“The first few days, was it hard to think about what we were going to do? Are we going to rebuild? Are we going to continue? Dickerson told KSN. âBut that was just a passing thought because my great-grandfather came from Germany when he was 12. He was a stonemason, and he made money to bring the rest of his life. family and all that, so we’re resilient and so we never, after that first fleeting thought that everything was fine, we’re going to rebuild.
Kansans helps Kansans
The days following the Four County fire were filled with volunteers and a wave of support.
âWe have had hundreds of people show up in person,â Dickerson said. “Donations of food, clothes, money donations from people we didn’t even know, some of them, but they just felt compelled to help us.”
Over a dozen students at Valley Heights High School FFA have decided to spend part of their Christmas vacation helping Dickerson and his family.
“I arrived at school the next day to tell the children what had happened there and how it had affected the people we knew and they really wanted to help somehow,” said said Drew Obermeyer, Valley Heights FFA teacher.
Obermeyer, who is friends with Dickerson, said he wasn’t surprised his students were ready to lend a helping hand.
âThey give of their time and energy and they’re busy, you know we’re a little school and the kids are involved in everything, but we have real leaders here, and they really want to support and do things for them. generosity is often unmatched, âhe said.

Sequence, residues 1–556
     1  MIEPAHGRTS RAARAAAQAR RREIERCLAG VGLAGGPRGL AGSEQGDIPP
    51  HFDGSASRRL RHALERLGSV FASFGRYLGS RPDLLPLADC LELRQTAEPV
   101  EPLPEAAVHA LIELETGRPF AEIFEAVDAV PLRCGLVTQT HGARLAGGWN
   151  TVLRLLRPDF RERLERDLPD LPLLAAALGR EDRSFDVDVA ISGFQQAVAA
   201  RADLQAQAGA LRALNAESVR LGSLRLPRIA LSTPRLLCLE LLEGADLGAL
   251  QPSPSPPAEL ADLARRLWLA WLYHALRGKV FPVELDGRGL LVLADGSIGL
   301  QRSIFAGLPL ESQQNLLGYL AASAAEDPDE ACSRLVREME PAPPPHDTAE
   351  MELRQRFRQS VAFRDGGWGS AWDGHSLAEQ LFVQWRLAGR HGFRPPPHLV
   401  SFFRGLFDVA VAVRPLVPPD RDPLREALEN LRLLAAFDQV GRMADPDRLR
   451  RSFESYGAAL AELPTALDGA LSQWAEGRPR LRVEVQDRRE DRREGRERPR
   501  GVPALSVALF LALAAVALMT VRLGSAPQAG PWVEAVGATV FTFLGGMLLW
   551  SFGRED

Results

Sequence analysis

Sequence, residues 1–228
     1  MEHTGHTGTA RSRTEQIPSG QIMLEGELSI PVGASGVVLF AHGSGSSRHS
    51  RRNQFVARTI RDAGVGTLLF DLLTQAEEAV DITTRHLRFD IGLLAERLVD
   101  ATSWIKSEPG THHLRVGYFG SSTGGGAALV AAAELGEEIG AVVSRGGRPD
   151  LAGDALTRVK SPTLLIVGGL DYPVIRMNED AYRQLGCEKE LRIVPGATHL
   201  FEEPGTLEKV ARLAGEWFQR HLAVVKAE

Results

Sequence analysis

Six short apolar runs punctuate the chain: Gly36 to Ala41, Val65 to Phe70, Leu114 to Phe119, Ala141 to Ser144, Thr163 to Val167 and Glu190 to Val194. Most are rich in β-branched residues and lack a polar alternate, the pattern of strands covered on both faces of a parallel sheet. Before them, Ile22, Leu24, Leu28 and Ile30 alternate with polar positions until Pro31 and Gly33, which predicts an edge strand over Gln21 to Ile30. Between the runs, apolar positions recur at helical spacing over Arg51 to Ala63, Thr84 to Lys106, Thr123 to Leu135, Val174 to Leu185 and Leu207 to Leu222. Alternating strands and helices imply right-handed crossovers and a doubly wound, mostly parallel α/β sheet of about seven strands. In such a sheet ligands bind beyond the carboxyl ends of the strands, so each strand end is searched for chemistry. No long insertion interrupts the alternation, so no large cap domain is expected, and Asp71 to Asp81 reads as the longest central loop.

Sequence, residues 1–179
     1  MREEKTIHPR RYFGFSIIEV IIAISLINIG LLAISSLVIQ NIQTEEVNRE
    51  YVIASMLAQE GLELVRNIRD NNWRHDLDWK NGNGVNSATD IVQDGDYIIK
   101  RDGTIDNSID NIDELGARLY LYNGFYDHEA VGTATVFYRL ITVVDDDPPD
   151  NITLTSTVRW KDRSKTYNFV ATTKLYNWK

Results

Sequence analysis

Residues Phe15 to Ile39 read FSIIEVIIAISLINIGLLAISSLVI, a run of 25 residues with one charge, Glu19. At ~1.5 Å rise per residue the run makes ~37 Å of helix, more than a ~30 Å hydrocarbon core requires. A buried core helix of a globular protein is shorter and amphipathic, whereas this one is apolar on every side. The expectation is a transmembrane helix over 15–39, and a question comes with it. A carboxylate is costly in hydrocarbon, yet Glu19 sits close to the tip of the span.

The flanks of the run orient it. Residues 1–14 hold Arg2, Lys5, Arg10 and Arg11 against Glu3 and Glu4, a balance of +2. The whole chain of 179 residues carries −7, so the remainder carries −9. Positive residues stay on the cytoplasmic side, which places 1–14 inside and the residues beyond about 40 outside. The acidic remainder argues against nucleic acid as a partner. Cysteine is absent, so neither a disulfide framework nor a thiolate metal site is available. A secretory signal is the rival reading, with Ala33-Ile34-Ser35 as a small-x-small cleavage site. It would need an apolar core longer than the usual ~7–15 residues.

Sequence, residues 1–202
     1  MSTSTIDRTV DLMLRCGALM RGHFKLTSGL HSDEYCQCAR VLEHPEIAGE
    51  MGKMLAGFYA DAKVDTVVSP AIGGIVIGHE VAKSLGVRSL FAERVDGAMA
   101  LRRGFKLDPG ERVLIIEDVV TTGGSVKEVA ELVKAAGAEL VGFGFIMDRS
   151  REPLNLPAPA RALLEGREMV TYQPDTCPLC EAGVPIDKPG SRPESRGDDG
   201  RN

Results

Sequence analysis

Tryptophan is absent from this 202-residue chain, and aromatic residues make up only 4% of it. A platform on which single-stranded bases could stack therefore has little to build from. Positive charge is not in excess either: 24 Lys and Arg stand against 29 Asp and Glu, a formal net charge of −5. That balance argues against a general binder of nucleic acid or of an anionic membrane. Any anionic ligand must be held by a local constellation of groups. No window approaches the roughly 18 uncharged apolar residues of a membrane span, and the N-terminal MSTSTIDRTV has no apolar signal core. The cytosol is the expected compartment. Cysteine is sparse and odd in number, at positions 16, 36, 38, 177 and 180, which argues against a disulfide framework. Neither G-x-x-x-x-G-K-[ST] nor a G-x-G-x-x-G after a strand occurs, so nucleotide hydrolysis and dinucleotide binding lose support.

FFA students traveled approximately six hours to and from their high school to volunteer. At the ranch, they helped tear down about 5 miles of burnt fences.
âThe fence, the heat got so intense you could just touch them with your pliers and it would snap. It was terrible. I couldn’t imagine if this was my personal ranch, âsaid Caleb Hornkohl, senior member of Valley Heights and FFA member.
Hornkohl and fellow FFA member Braylee Fritzson said that while the volunteer work was somewhat tedious, they would do it again.
âWhen we went out and saw the smiles on their faces (Dickerson and his family) it really brightened up your day, and you just couldn’t imagine how happy you could be,â said Fritzson.
âThey (the beneficiaries) are really grateful for that and just the smile on their face once you help them. Their smile is priceless, âsaid Hornkohl.
Kansas farmer and rancher Ryan Ketter also witnessed that priceless smile. He carried nearly 300 bales of hay to those affected by the fires.
âMy brother and I decided to give the fire victims a load of hay and then the rumor spread that we were hauling hay there, so anyway, it went from there and oh, about 10 other farmers donated hay, and they also donated money for fuel, which was very, very nice, âKetter said.
Ketter, who lives in Tipton, transported nine loads to needy farmers within days. Hay is especially needed at this time of year, as much of the grass has been burnt or has fallen dormant due to the cold temperatures.
âThey are very grateful, and I know if the shoe was on the other foot they would do the same,â he said.
âWe will never be able to repay the generosity, the manpower that came to help us, the donation of vehicles to drive, the people who took in our cattle when they already had their resources exhausted,â Dickerson mentioned. “There are just no words to say how grateful we are.”
Dickerson and her husband currently live in a neighbor’s house as they work to rebuild what they lost in the fires.